Nepal today dismissed as "baseless" a report which claimed Ajmal, the lone terrorist captured during the Mumbai attacks, was nabbed in the Himalayan nation two years ago and handed over to India.
The Nepalese Foreign Ministry in Kathmandu said its "serious attention" was drawn to the report that appeared in Pakistan's 'The News', which quoted a Lahore-based lawyer as claiming that Kasab was arrested here by Indian police with the help of Nepalese security personnel in 2006.
The report in the Pakistani daily was "illusive, baseless and fictitious and it was published with a view to damaging Nepal's image," the ministry said in a statement.
"The ministry hereby refutes the news report in the strongest term and states Ajmal Kasab was neither arrested in Nepal nor was he handed over to any other country," it said.
Meanwhile, Nepal's Ambassador to Pakistan Bala B Kunwar told a news conference in Islamabad that report about the arrest or kidnapping of Kasab in his country were "baseless and concocted".
Kunwar said an inquiry had established that Iman had never lived or was arrested in Nepal before 2006.
"Nepal as a sovereign and responsible state has always adhered to its stated policy of not allowing its territory to be used against the interest of other countries," he said.
Kunwar said the news report about Iman's arrest was "aimed at denting Nepal-Pakistan relations".
He added he was confident that such charges would have no impact on the friendly ties between the two countries.
A Pakistani lawyer named C M Farooque had claimed this week that Kasab was arrested two years ago in Kathmandu by "Indian agencies" with the help of Nepali authorities. He claimed Kasab was on a "business visit" when he was arrested.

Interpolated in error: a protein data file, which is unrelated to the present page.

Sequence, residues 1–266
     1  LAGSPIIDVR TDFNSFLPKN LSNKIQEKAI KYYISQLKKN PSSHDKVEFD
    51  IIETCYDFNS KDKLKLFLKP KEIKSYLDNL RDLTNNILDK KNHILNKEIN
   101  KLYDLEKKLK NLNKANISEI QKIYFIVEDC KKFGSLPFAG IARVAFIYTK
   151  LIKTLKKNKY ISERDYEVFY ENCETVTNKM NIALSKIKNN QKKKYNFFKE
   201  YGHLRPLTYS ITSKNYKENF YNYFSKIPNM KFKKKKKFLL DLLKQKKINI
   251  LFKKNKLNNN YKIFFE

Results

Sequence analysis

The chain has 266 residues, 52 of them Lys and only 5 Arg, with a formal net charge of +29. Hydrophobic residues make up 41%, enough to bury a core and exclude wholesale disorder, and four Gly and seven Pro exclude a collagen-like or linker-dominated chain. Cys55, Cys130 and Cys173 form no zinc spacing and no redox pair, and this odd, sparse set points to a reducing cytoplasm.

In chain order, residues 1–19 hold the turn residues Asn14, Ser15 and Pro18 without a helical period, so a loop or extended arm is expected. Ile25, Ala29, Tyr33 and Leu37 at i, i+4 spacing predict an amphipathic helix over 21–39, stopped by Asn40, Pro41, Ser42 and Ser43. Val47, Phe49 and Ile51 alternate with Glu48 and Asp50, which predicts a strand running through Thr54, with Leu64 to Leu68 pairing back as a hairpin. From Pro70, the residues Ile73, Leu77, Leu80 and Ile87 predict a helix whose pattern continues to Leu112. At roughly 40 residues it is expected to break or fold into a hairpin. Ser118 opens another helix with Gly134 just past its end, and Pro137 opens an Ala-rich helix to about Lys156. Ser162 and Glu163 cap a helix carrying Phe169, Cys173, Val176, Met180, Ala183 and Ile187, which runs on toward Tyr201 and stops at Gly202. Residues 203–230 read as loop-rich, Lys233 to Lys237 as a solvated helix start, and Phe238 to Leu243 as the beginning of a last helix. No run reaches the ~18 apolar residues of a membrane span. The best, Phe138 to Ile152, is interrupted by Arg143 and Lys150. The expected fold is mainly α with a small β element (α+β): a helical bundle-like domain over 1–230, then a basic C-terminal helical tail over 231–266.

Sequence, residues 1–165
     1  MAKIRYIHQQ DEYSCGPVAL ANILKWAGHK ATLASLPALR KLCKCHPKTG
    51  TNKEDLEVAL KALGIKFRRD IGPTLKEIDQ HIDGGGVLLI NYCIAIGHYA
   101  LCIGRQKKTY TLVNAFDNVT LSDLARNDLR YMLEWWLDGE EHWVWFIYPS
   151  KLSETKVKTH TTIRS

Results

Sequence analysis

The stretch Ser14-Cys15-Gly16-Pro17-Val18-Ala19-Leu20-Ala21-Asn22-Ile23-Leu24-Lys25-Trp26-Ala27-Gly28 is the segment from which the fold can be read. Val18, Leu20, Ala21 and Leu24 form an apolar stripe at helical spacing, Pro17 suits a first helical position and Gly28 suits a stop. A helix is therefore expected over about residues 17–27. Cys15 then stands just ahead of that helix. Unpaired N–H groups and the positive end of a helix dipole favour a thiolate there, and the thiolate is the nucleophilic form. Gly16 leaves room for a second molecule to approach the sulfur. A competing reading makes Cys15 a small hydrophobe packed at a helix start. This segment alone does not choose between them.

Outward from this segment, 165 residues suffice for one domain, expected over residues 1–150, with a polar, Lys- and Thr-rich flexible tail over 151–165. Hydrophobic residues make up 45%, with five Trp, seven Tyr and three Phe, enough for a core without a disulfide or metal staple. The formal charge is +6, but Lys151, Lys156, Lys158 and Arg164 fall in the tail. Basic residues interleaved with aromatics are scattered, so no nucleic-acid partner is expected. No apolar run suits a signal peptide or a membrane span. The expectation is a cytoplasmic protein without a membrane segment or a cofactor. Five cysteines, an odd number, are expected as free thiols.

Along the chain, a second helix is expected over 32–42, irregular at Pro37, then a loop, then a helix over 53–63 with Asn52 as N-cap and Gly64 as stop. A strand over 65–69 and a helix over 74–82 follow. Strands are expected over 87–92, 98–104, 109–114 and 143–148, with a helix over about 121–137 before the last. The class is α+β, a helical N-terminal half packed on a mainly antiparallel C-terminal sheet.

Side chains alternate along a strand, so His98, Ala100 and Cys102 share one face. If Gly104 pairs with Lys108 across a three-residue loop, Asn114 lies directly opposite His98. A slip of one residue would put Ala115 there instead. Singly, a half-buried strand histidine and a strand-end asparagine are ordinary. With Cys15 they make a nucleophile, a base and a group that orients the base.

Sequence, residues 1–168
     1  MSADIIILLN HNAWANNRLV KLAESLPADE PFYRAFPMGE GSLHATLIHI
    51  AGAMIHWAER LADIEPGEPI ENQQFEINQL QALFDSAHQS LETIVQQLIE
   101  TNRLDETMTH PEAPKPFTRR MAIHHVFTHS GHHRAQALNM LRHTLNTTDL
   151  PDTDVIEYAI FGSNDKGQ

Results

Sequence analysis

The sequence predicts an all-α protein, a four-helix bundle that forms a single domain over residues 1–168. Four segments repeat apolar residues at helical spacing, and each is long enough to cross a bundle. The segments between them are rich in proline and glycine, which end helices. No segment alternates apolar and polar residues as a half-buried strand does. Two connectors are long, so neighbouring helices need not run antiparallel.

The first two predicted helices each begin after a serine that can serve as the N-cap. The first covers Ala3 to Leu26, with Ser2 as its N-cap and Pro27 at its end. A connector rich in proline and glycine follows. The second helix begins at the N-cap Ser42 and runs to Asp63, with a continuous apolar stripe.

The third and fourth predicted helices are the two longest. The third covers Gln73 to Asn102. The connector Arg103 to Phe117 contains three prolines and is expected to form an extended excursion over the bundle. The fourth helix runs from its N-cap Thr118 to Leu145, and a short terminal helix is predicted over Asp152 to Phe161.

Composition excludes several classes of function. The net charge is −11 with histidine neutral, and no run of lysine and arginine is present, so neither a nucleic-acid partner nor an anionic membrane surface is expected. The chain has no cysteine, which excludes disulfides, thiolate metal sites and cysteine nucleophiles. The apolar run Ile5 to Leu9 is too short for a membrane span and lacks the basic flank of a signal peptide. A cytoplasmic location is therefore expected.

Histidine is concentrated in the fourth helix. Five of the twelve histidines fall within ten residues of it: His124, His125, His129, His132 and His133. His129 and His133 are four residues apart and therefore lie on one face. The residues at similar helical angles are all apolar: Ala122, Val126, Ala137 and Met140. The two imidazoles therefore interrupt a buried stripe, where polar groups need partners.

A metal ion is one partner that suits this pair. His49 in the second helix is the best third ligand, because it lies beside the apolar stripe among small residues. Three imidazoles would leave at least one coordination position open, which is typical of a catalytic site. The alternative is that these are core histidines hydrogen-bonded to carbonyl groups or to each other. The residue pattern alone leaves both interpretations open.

Farooque told the Pakistani media that he had filed an application in Nepal's Supreme Court for seeking Iman's release and claimed the court had sought a reply from Nepali authorities and the Indian High Commission in Kathmandu. His claims were subsequently rejected by Nepal's interior ministry.
His claim was rejected by the Nepalese court officials, who said Farooqi had filed a case for the release of two other Pakistani nationals, not Kasab, and later the court had dismissed the case as he had failed to follow its proceedings.
Kunwar made it clear that he was not addressing the news conference due to pressure from India but only because his country had been "dragged" into a controversy.
He also pointed out that there is no counter-terrorism treaty between India and Nepal though there is an extradition treaty that only applied to nationals of the two countries.
Answering a question, Nepalese Ambassador said there are a number of Pakistanis in Nepal's jails while a number of Nepalese were in Pakistani jails though he did not have the exact number of prisoners.
The ambassador said Nepal's policy of issuing visas on arrival for Pakistanis would not be changed or altered. He said the Nepalese government will extend full cooperation and assistance to Kasab's lawyer in finding out the facts.
"The embassy of Nepal wants to say loud and clear that... Ajmal Amir Kasab was neither arrested in Nepal nor handed over to any other country," said a statement later issued by the mission.
The news reports about Iman's arrest in Nepal were "put out with a design to malign the image of Nepal".